No trombone zone

Many of us are suffering from mental fatigue in varying degrees. The negativity that has been the recurrent theme of the past year has affected us all.

We try to laugh, but it’s forced, or our laughter is inappropriate. Others’ attempts to lighten our moods fail, or meet with resistance.

We feel angry and express that anger all too often.

We’re edgy, and cranky. Sometimes we say things we don’t mean, and wish we could take them back.

I’ve had too many “Debbie Downer moments” recently, when I’ve said something completely irrelevant to the conversation that sucked the joy from the moment. I heard the “wah-wah” of the trombone even as the words exited my mouth, and wished I could rewind, or highlight and delete.

On some occasions, tubas have joined the trombones.

I used to take pride in my ability to laugh at myself, but there’s no way to reframe these moments as humorous. My commentary wasn’t purposely hurtful, critical, or inaccurate. It wasn’t malicious, cruel or insensitive. It was, quite simply, stupid. That’s not suggesting it was excusable.

To their credit, those who know me well have laughed and teased me afterwards, witnessing my horrified and humiliated expression. Some have flashed disapproving looks, and others’ faces have expressed bemusement that I’ve said something they agreed with, but knew better than to express aloud.

Stupid statements can’t be ignored, or worse, glossed over. They most certainly cannot be forgotten. They can sometimes be forgiven, depending on who made them, and the circumstances in which they’re made, but there’s no way to retract the words once they’ve been uttered, either verbally or in print.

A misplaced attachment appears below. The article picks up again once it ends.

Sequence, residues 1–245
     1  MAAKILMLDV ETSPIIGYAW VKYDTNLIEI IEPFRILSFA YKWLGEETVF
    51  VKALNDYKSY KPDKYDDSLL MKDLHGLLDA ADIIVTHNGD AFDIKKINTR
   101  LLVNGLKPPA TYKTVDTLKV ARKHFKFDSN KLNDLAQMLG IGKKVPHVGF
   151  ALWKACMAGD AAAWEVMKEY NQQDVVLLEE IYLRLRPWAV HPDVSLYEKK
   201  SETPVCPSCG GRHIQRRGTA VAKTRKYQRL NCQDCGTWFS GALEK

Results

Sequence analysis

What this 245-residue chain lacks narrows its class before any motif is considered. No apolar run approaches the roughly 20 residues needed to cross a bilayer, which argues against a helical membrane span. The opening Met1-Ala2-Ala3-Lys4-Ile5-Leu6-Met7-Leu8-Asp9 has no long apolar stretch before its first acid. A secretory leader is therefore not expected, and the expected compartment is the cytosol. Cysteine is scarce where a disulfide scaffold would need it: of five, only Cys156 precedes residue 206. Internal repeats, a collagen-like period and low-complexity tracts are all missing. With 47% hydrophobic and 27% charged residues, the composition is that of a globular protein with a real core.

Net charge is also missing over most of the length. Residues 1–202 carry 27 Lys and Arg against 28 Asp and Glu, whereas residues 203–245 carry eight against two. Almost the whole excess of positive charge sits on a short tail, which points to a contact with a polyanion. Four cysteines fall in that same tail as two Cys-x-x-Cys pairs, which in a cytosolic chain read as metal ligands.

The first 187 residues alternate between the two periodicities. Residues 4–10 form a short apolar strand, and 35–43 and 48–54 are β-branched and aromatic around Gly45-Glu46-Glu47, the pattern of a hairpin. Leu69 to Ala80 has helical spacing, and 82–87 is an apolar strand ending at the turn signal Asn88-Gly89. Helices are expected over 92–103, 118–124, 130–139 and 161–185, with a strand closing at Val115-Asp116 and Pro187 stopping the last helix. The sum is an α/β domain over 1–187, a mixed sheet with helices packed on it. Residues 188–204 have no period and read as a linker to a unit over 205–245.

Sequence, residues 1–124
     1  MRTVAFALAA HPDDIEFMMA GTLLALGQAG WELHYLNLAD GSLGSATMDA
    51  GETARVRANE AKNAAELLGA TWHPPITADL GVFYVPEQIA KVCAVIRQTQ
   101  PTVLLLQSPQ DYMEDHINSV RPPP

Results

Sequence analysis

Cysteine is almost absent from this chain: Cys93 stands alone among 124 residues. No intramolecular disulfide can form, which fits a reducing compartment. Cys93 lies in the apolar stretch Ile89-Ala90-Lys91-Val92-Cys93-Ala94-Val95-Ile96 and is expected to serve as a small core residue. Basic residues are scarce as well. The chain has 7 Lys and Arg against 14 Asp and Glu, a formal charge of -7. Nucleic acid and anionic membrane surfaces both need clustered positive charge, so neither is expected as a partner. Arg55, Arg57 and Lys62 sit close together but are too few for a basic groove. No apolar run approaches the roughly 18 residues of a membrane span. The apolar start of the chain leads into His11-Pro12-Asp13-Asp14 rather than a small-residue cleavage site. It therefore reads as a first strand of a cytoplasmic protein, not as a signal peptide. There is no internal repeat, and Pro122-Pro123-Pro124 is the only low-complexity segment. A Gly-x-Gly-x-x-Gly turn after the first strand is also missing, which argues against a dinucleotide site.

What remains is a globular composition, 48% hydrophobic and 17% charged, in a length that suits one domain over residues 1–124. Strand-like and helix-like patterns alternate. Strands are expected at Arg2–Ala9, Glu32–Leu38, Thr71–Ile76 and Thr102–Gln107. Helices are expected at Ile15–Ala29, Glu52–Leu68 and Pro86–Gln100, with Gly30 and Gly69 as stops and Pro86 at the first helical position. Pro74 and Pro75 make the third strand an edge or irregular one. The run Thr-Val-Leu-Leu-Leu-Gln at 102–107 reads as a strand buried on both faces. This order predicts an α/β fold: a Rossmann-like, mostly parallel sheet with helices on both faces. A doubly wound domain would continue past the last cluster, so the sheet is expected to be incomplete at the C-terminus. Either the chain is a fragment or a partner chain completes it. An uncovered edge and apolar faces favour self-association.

We all have the right to express our views honestly. Irony, sarcasm and parody have their place, and context is important.

I’ve never been and do not aspire to be, a preacher. This is intended to be an apology, rather than an explanation. When someone offers a sincere apology, the circumstances and the apologist’s character should be considered, but neither is exculpatory.

This is also a promise. I will make a conscious effort to think before I speak, to choose my words carefully, and to be thoughtful of those who hear, or read, my words.

If I fail, please bring the entire brass section of the orchestra, and the marching band.

If you think I’m deserving, please forgive me.

About Jane Wilson

Jane Wilson graduated from the University of Michigan Law School, was a trial attorney for 25 years and has served on the faculty of the National Institute for Trial Advocacy on numerous occasions. She was an Adjunct Professor of Law at Cleveland State University for several years and served as an Interim Associate Professor of Law in the clinical program at Case Law School. In 2009, she returned to the small southwestern Michigan community where she was raised, and wrote a novel.
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8 Responses to No trombone zone

  1. Hello, Debbie Downer. Nice to meet you. I’m Michael Downer. You speak for a huge swath of individuals. We’re struggling, we’re coping, we’re trying to be positive. Each time we make progress, another revelation, asinine statement, or insane decision arises, dragging us back down.

    Oh, forgiven, of course. I’d rather have someone critically thinking and making downer remarks than someone drinking the joy juice and pretending it’s a wonderful.


  2. Jane Wilson says:

    Thanks. I so need my friends, always.

  3. Michael said it perfectly. Orchestras need brass. We need brass. Desperately. 🙂

  4. sammee44 says:

    I do like Michael’s reply too–good for both of you. At least you’re not tweeting or is it twittering–oops, am I allowed to mention tweets and twits. . . ?

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